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Who should read this pamphlet?
You should read this pamphlet if you or someone you know has been detained and has been asked to go to a detention review hearing before the Immigration Division of the Immigration and Refugee Board of Canada (IRB).
What role does the IRB play in detention reviews?
The IRB hears your case and decides whether you should be released or stay in detention. The IRB is an independent administrative tribunal that makes legally binding decisions-it is like a court, but less formal.
What role does the Canada Border Services Agency (CBSA) play in detention reviews?
The CBSA's role is to manage, control and secure Canadian borders. It is responsible for detaining people who do not have the right to enter or stay in Canada, as well as for removing these people from the country.
You have been detained by the CBSA for immigration reasons. What happens next?
If you are a permanent resident or a foreign national, you have the right to an independent hearing to review why you are being detained. When the CBSA detains you, it must tell the Immigration Division of the IRB. An IRB decision-maker called a member will then hold a detention review hearing within 48 hours of your detention or as soon as possible afterward. At the end of your hearing, the member will decide whether you will be released or stay in detention.
You will receive a notice telling you where and when your detention review hearing will be held.
- A permanent resident is a person whom the Government of Canada has allowed to live permanently in Canada. Permanent residents may later apply to become Canadian citizens.
- A foreign national is a person from another country who is not a Canadian citizen or a permanent resident.
Who can help you?
Detention is a serious matter. Although you can represent yourself in your hearing, you may want to hire counsel to help you. Counsel can be a lawyer or a registered immigration consultant. If you are in Quebec, counsel can also be a notary. You are responsible for paying your counsel. If you do not have enough money to pay for a lawyer, and if you meet provincial eligibility criteria, you may be able to get free legal help. Some community or religious organizations that help immigrants and refugees may also be able to help you. Ask a CBSA officer to help you find more information. If you decide to hire counsel or to have someone help you, you should do so as soon as possible.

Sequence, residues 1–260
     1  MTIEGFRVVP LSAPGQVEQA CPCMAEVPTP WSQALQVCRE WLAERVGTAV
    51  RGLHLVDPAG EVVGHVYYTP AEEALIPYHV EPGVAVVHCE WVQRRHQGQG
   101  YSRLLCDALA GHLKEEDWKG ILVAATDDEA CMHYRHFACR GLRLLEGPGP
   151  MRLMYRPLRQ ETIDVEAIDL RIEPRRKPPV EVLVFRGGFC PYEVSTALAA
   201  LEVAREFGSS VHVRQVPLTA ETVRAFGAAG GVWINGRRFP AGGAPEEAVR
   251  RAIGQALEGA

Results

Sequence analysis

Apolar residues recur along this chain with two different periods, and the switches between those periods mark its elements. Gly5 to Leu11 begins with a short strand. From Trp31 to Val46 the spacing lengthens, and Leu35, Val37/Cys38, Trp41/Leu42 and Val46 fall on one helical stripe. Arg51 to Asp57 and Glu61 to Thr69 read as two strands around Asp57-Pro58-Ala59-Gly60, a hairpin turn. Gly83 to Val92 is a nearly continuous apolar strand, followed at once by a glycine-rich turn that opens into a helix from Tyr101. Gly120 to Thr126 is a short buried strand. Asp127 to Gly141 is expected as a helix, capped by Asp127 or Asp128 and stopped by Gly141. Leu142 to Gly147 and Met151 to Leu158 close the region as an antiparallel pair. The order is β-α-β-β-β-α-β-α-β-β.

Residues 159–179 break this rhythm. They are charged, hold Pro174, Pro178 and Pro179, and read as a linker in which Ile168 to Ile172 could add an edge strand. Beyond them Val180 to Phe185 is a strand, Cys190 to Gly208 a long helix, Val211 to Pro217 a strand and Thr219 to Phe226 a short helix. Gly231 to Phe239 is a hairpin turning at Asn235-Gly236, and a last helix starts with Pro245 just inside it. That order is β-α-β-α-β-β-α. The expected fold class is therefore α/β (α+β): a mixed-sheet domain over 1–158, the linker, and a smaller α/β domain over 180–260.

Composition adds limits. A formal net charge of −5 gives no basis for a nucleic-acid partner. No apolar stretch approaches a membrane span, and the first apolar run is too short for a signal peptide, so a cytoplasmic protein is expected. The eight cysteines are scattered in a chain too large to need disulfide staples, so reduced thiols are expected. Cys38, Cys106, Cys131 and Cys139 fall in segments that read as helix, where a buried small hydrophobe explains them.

What happens at a detention review hearing?
The ID member is in charge of the hearing. The member will start by introducing everyone and explaining what is going to happen. If you do not understand French or English, an interpreter will be at the hearing to translate for you.
If there is an interpreter at your hearing, the member will check that you understand each other.
- The CBSA representative will explain why you are being detained (the "reasons for detention") and present the facts in support of their position. More than one reason for detention can be given.
- You or your counsel will be given an opportunity to respond, to explain your opinion and to ask questions.
- If there are witnesses at the hearing to provide information, the CBSA representative, you, your counsel or the member may ask them questions.
- After hearing from both the CBSA representative and you or your counsel, the member will decide whether you will be released or stay in detention.
What are the reasons for detention?
The CBSA will ask the member to have you stay in detention if they think that at least one of the following situations applies to you.
- You are a danger to the public.
To support this claim, the CBSA may give examples of:
- past violent behaviour;
- criminal convictions for offences that involved violence, weapons, drugs or sex; or
- problems related to drug or alcohol addiction.
The CBSA can present any behaviour, activities and facts that support the claim that you should be considered dangerous.
If the CBSA claims that you are a danger to the public, you can provide your own evidence to show the member why you do not think you are a danger.
- You are unlikely to show up when asked to do so, for example at a hearing or for your removal from Canada.
To support this claim, the CBSA may give examples of times when you did not show up for an immigration appointment, did not show up to be removed from Canada, broke the law, or were not reliable or trustworthy. The member will consider all of these elements when deciding whether you are unlikely to show up.
If the CBSA claims that you would not show up, you can provide your own evidence to show the member that you will show up when you are asked to do so.
- Your identity has not been established but can be.
You may have come to Canada without identity documents or with identity documents that might not be genuine.
If this is the case, the Minister will sign a document called a Minister's opinion. Once this document has been signed, the CBSA must make reasonable efforts to establish your identity.